Growth Hacking: Myth or Reality ?
(What Can Europe Learn From The US)
After fashion, tech must be the most fashion driven industry on earth. I am not trying to be over critical of the industry or referring to the outfit choices of the whole entrepreneurial ecosystem. However, we all need to agree that the tech industry is often characterized by some sort of fashion of ideas. One of the most fashionable ideas in the last few years has been the concept of growth hacking. In order to have a proper discussion on the topic I decided to ask my friend Gustaf Alstromer, Product Manager of Growth at Airbnb. For disclosure, these are his own thoughts from his experiences — not necessarily representative of Airbnb.
Roberto: Gustaf, we have been bombarded by tech articles on growth hacking. No sure exactly how to define it. Does such thing really exist? I question if this is not just a funny fashionable new term to refer to somebody in charge of user acquisition.
Gustaf: I think it’s still a myth that you can hack yourself into sustainable growth. This is how I think about it: growth starts becoming important once you have reached product-market-fit (a term people use to describe that you’ve built something people want). Before product-market-fit growth is only really important if it helps you get to that point.
However, let’s keep in mind that there is a difference between products where growth creates a better user experience (think of Facebook, Linkedin and Uber) vs. companies where you don’t need growth to build a great user experience (Evernote, iOS, Spotify).
Once the point of product-market-fit is reached, I really think this is where the growth science starts. Most product have a natural adoption curve and what the work the growth team does is the difference between the natural adoption curve and the true growth potential of a product.
Roberto: Yes you must be right on this. Often I see growth techniques and product feature mixed together. As result some non-ready-yet-products get a lot of initial growth but then they cannot retain users and they disappear very fast. However, at the same time, if you are building a new product, an act of original creation, at some point you need some growth to be able to test the core proposition. Issue is, that to balance the right level of growth vis a vis the product/market fit is a difficult task.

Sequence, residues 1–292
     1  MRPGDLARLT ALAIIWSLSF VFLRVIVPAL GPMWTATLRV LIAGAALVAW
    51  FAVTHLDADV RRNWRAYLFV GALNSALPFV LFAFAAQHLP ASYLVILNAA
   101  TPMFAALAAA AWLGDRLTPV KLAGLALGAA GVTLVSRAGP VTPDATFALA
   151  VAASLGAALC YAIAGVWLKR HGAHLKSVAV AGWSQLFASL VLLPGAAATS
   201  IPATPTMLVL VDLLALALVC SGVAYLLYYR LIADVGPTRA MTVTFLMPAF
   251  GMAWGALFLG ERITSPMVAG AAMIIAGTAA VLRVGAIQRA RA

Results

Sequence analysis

I have seen some cases where growth happens, not by choice but by mistake, I mean too early! Any suggestion on the topic?
Gustaf: One analogy could be pouring fuel over a fire vs. pouring a fuel into an engine. Exciting things will happen either way but one of them will take you somewhere. If you start working on growth before you have built something interesting, you’ll probably just churn through a lot of users and your learnings won’t be very valuable. In the early days I would spend time on trying to understand the motivations of early users from both a quantitative and a qualitative point of view.
When I say quantitative I don’t mean running experiments but analyze the early data you have to see if people really want to use what you’ve built. Say you’ve built something you expect people to use every day and you’ve acquired 1,000 users. If only 10 of them use it every day you want to look at the data and try to understand what’s different about them — work your way backwards. Either they’re the only target audience which makes your product niche or they have discovered something about your product that the other 990 haven’t. In the case of Voxer for example, those 10 people where the first who actually found close friends to talk to. On the qualitative side I would do simple things like emailing them and talking to them in person.